Chief players included the Regimental Command staff, Headquarters Company (HQ Co), and elements from Food Service Company, Landing Support Company, and Communications Company. Approximately 615 armory assets were used in an expeditionary command and control forward operating structure.
For the exercise, CLR-45 integrated two subordinate companies that do not utilize AIMS-AA in their garrison armory into the field armory. This included 217 assets and 101 individuals that were seamlessly integrated into HQ Co field armory accountability. AIMS-AA demonstrated the ability to quickly and easily include these assets for accountability without any confusion or negative impacts to procedure, security, or auditability.
AIMS-AA provides greatly improved accountability over paper based procedures conducted in the field. Paper based procedures in the field are not only subject to ad hoc record keeping, but are also subject to the challenges of weather, environment and an armory on the move. With AIMS-AA, all records are digitized in one place, with full traceability.
AIMS-AA provides full and more effective auditability of action conducted in a field environment. All actions are easily synched back to the master computer in the garrison armory upon conclusion of the training exercise.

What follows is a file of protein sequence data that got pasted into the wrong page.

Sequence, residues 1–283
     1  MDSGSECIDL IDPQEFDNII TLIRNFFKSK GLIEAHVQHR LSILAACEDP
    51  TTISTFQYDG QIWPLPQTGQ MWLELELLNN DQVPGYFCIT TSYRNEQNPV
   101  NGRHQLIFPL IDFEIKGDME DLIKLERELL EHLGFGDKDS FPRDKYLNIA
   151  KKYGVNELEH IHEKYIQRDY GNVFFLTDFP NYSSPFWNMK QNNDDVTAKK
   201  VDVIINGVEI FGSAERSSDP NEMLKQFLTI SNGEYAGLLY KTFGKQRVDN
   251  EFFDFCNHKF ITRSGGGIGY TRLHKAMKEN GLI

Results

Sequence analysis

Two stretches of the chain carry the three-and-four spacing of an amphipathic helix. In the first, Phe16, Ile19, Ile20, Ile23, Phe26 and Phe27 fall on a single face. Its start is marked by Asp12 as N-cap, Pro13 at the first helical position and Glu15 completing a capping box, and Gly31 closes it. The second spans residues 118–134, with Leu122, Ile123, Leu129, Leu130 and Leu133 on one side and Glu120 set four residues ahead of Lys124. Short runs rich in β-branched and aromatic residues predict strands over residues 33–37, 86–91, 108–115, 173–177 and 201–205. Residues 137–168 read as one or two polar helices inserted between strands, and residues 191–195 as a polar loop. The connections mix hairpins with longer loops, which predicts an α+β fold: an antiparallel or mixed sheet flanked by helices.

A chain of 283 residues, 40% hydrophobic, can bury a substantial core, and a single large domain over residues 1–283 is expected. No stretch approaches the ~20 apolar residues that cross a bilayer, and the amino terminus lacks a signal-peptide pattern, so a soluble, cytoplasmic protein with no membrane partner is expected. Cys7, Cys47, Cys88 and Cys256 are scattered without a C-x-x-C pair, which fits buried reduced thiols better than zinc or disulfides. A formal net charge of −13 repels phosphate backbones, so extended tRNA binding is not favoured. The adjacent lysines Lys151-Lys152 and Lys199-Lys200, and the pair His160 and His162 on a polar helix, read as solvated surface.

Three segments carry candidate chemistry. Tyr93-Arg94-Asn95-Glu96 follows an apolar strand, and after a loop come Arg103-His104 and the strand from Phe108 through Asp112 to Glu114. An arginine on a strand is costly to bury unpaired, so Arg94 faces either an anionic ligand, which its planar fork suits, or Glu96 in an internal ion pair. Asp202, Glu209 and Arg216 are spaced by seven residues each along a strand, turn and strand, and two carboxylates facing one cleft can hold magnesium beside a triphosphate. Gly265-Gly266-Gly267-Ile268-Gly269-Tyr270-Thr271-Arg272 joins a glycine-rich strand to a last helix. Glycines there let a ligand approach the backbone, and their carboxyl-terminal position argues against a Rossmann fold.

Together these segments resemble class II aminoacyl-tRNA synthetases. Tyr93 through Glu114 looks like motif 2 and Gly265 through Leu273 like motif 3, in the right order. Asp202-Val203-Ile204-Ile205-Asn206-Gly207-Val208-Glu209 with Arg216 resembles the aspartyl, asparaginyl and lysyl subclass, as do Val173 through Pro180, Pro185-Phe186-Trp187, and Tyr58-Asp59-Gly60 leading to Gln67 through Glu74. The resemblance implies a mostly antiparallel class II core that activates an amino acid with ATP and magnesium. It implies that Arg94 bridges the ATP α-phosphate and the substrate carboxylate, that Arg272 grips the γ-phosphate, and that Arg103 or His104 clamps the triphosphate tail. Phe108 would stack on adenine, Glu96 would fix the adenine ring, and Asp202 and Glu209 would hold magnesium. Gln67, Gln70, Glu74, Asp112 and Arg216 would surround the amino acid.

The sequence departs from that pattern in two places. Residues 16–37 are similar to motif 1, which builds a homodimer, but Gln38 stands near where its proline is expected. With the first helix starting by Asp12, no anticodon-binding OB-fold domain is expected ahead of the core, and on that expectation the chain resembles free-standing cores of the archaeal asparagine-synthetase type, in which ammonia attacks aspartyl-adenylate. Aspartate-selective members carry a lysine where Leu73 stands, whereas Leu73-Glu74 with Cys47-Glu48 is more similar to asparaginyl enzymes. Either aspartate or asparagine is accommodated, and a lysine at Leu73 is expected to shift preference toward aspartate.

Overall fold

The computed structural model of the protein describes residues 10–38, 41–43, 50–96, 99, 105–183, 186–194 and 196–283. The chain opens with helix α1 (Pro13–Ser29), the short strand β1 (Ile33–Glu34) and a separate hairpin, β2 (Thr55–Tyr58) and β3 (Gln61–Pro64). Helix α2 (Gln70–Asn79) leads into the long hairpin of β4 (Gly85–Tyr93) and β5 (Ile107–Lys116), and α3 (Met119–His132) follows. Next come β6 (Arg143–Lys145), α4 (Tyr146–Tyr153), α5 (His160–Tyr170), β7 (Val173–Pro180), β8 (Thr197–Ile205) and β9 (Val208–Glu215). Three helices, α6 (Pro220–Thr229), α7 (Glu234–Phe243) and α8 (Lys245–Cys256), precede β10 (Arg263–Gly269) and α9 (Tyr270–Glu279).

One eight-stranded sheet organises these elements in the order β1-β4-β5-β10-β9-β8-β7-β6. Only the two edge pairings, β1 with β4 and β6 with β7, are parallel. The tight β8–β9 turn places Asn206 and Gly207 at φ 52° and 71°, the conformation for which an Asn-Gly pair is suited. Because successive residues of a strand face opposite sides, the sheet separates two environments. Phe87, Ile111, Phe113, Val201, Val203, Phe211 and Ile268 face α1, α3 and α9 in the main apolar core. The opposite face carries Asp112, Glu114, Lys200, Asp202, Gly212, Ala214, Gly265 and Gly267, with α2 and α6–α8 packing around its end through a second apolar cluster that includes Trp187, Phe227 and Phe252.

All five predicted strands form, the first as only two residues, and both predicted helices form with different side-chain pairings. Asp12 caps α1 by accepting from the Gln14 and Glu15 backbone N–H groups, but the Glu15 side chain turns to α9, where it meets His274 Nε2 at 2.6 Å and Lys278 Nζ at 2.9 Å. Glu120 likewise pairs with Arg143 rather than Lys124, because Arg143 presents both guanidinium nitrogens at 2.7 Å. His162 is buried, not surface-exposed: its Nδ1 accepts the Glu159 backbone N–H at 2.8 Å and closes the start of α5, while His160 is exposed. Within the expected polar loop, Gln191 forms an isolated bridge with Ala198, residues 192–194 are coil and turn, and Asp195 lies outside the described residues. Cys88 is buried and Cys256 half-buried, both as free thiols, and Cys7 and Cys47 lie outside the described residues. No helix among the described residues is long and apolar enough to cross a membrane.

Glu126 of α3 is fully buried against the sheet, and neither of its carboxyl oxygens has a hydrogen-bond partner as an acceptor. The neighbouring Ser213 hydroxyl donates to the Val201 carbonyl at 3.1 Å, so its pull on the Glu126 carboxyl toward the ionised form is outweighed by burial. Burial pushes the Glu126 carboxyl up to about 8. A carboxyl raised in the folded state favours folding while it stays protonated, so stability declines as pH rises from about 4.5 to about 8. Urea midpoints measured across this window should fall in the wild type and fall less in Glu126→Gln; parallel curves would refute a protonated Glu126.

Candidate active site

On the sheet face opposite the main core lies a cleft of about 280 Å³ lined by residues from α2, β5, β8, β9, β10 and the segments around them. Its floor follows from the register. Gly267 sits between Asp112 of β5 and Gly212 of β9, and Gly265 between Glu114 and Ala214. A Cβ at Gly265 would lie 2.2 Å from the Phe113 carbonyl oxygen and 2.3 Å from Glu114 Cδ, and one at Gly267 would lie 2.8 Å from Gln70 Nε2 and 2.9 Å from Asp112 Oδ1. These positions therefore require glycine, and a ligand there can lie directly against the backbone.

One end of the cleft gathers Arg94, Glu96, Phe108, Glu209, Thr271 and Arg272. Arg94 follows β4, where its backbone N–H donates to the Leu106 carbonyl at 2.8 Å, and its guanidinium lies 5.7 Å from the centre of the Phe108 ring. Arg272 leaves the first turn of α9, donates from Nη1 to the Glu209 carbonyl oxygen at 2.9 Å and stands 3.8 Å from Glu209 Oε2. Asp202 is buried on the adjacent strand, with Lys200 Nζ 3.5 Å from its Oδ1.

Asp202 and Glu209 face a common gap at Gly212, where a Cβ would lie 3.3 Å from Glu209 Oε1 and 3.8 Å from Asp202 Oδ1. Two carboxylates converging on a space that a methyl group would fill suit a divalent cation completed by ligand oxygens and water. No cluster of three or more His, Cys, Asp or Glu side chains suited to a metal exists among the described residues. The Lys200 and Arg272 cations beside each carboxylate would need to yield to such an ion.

AIMS-AA provides greatly improved efficiency in a training exercise where time is constrained and specifically focused on mission accomplishment. Check-ins and check-outs are accomplished easily and quickly. By using AIMS-AA’s electronic scanners and readers, there is no paperwork involved while operating in the field. (The AIMS suite also includes an uninterrupted power source that can double the Toughbook’s battery capacity.) Because all functions are accomplished digitally and can be synched back to the master computer in the garrison armory, there are no “swivel chair” actions to transfer paper records to the garrison armory, and thus no gaps in the audit trail.